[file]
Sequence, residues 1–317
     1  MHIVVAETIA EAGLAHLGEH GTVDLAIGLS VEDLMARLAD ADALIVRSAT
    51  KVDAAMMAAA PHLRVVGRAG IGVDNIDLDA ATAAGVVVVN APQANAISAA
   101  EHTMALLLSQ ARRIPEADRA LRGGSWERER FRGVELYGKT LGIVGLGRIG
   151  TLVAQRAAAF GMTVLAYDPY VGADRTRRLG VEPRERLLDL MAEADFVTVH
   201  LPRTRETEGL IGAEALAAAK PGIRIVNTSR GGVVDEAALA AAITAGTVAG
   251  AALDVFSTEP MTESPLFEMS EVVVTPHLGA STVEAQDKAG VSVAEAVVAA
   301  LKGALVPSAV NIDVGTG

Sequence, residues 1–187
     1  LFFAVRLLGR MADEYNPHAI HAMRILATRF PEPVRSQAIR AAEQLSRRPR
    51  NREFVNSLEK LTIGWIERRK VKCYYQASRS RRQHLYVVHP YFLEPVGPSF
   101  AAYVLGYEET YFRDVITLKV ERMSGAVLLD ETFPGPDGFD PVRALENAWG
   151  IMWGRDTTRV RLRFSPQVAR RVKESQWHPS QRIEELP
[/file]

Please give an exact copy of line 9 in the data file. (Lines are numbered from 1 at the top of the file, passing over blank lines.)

Sequence, residues 1–187